Gordon’s executive order will cost the county about $100,000 a year, Chief Administrative Officer David Grimaldi said Monday. At any given time, between 20 and 50 employees in the county’s 1,950-person workforce earn the minimum wage. Many of them are part-time or seasonal workers.
“It’s hard to do anything while earning the minimum wage, let alone raise and feed a family,” Gordon said. “It’s just the least we can do.”
In the annual Gallup poll measuring Americans’ sense of well-being, also known as the happiness poll, Pennsylvania was No. 36 in 2013, down sharply from 29 the year before. (Thank you, Gov. Corbett?) Since Philadelphians are the single biggest geographic group of Pennsylvanians, our civic angst probably drags down the ranking.
We have a schools crisis and send in a hothead as a healer. Crime by criminals is down but crime by cops is up. Buildings collapse, water mains explode, the mayor adds deputy mayors and bike lanes. Poverty is up, employment is down, as are the Phillies, Sixers and Flyers. No wonder we’re not happy.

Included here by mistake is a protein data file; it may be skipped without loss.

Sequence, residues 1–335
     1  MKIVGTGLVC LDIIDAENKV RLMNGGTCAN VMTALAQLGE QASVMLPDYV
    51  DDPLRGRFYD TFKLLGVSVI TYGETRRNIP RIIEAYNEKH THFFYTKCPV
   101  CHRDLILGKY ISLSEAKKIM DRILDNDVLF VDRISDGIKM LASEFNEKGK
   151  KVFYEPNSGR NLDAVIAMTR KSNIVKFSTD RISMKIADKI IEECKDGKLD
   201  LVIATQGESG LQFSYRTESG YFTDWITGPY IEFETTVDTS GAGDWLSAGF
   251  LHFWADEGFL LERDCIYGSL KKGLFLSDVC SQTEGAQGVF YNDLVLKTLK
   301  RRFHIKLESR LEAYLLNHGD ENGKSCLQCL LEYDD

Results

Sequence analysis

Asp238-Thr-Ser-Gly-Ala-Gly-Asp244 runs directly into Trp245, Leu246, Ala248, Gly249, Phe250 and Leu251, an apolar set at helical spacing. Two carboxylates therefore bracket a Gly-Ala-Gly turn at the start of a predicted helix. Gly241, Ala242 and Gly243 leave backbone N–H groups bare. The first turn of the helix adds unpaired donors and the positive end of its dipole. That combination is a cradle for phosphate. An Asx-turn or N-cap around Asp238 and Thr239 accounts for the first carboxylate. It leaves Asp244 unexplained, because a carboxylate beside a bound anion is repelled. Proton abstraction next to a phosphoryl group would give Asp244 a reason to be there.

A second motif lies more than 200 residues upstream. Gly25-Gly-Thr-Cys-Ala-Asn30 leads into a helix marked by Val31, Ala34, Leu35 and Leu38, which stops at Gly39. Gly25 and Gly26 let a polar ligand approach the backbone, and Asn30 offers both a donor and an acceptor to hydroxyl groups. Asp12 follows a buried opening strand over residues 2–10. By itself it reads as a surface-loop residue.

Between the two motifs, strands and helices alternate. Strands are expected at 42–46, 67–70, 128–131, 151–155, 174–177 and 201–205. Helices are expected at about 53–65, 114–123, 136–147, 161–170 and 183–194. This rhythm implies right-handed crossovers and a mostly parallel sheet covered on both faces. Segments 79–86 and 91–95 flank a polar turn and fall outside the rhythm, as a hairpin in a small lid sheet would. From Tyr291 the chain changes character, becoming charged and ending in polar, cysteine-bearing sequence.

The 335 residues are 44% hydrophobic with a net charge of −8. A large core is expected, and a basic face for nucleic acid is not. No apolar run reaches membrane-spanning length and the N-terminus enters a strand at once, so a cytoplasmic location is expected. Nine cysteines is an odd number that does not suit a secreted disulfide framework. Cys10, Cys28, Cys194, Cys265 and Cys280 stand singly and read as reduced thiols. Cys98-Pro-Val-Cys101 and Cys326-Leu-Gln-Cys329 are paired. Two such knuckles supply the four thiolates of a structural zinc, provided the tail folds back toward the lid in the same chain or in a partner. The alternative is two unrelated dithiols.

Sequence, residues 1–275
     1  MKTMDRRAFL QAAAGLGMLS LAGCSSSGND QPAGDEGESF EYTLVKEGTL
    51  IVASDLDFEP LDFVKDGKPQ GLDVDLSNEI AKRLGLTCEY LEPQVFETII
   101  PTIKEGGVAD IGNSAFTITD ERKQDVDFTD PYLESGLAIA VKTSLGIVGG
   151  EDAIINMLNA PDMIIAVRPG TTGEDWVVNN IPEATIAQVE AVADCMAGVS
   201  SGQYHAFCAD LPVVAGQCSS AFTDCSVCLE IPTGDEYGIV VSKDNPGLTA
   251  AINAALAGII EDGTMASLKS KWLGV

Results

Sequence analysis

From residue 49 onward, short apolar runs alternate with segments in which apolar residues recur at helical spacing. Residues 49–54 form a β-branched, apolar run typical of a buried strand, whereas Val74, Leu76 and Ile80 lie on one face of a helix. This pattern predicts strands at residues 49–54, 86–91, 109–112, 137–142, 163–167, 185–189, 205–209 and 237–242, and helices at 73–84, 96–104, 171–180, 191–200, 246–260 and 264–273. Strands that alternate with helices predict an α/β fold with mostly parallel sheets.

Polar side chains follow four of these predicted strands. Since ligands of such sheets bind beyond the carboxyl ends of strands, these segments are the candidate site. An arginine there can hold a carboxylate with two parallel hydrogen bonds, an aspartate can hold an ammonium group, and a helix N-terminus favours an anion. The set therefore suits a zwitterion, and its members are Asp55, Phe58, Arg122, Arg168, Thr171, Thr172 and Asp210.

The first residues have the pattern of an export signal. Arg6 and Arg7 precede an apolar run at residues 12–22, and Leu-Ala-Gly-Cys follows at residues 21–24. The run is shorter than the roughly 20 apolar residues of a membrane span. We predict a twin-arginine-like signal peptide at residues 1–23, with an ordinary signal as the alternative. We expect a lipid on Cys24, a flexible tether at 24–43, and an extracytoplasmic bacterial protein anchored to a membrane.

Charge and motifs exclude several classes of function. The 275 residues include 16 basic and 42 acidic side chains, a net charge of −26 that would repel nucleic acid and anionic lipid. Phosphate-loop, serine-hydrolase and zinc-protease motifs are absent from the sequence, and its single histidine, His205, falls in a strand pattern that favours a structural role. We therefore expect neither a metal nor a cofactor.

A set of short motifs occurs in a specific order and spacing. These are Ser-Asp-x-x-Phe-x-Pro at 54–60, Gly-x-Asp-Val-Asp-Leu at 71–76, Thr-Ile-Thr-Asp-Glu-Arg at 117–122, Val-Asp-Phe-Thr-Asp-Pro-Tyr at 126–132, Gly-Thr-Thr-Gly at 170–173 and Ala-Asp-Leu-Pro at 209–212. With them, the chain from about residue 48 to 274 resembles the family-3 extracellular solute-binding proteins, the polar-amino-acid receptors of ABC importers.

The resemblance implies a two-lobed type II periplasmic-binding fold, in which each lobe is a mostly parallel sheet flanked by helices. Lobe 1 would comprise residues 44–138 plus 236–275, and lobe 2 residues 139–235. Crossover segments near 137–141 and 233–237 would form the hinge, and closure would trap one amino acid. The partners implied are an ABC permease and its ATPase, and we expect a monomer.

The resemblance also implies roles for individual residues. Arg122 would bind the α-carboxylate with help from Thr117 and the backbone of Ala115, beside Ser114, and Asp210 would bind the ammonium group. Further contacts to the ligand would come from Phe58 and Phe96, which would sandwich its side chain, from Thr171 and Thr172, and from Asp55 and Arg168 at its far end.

So, no, there are no signs of a break in this vicious winter.
However, we will — thank goodness — miss a mega-storm this weekend, which should help in the recovery process of restoring power to many homes still in the dark.
Over the upcoming weekend, a storm system well off the coast, combined with energy racing across the upper Ohio Valley, could produce a period of snow showers from Saturday night into Sunday morning. The region is should expect light accumulation, from a possible coating in most places and up an inch or two. The most likely areas to see accumulation is coastal Cape May County, N.J., and Central and Southern Delaware.
After snow subsides early Sunday, the rest of the day will be windy and cold. Earlier in the weekend, starting Friday, temperatures will be hard pressed to crack the freezing mark.
An American Airlines Boeing 757-223 landing at Vancouver International Airport (Photo credit: Wikipedia)
Finally, it’s a done deal.
American Airlines AMR Corp. and US Airways Group Monday officially announced the completion of their merger to form American Airlines Group Inc., the world’s largest airline.